Advertisement
  1. Archive

Contesting a double interest charge

Question: Last summer we refinanced our home loan with the same bank that serviced our previous mortgage. We noticed the bank deducted several days of overlapping interest. When I contacted the bank, I was told the charge occurred because the loans were from two offices of the bank, one in New York and the other in Kentucky. I don't think the double charge was justified since the two loans were from the same bank. What should I do?

Answer: I wish you had given the amount of the double interest in dispute. If it was less than $100, I advise you to forget it. If it is over that amount, send a demand letter requesting refund of the double interest within 15 business days.

If you don't receive a prompt refund, your local small claims court is the best place to go, to let the judge settle your dispute. If I were the judge, I would rule the bank owes you the double interest and their excuse is the weakest I've ever heard.

Bad credit no end

to home dreams

Comment: Last winter my wife saw an item in your column about how to buy a home if you have bad credit. That's us! We followed your suggestion of checking our credit and FICO score on the Internet.

To our surprise, we weren't as bad as we thought (we've had some unemployment and health problems).

Following your next suggestion, we applied with a mortgage broker. She "shopped" our application among several lenders and was able to get us preapproved for a 90 percent mortgage at 7.75 percent interest.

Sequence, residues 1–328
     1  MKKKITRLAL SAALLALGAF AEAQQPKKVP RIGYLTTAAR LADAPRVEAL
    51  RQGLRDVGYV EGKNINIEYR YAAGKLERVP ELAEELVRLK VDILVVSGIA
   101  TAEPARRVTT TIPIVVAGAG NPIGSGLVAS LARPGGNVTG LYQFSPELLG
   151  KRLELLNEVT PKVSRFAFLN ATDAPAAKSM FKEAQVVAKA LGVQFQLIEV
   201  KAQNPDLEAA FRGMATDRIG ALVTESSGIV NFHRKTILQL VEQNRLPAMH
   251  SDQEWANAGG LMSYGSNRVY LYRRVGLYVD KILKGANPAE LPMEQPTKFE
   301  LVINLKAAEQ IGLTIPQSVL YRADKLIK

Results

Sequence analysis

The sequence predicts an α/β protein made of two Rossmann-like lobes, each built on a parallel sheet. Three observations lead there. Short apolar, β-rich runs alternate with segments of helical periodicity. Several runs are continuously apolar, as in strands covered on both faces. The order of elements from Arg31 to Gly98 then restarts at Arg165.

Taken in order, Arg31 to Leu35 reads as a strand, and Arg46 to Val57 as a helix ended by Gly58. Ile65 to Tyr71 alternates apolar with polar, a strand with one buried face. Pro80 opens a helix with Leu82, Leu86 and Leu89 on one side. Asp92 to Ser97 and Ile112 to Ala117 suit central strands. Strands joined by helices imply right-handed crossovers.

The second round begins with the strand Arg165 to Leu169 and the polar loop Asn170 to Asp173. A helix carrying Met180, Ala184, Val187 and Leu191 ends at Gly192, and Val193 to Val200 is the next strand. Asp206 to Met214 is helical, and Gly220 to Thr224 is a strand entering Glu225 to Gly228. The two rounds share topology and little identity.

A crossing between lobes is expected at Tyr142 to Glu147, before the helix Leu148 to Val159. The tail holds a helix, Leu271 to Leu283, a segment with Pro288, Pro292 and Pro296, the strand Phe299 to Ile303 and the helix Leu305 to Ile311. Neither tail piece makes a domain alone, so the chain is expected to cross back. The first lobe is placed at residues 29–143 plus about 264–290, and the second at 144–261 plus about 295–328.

Thanks to your encouragement, in late April, we closed the purchase of our first home. We know it's not our ultimate dream home. But it's a nice starter house. I just wrote to thank you and to let other readers know that buying a home with bad credit really isn't so difficult.

Response: Congratulations on your persistence to buy your first home and start building equity. Readers can get their credit report and FICO (Fair, Isaac and Co.) credit score at the Web site www.myfico.com. The cost is $12.95. A few readers report difficulty with that site, but I've tried it several times with no problems. Keep trying.

As for your 7.75 percent interest rate, that's quite good considering you have less-than-perfect credit and you obtained a 90 percent mortgage.

My suggestion is to make your monthly mortgage payments on time each month without fail for the next 24 months. Then, if interest rates are still low, apply to refinance at a lower interest rate to reduce your monthly payments.

Try seller financing

to sell condo

Question: We bought our condo about 14 years ago in what was then a very nice condo complex. It has gone downhill since then. Now, more than 50 percent of the condos are occupied by renters. The result is that no mortgage company will make loans, and our condo has become virtually unsaleable. There have been no sales in our complex for more than six months. My wife and I want to get out. But we own our condo with no mortgage, so we have large equity tied up. Any suggestions?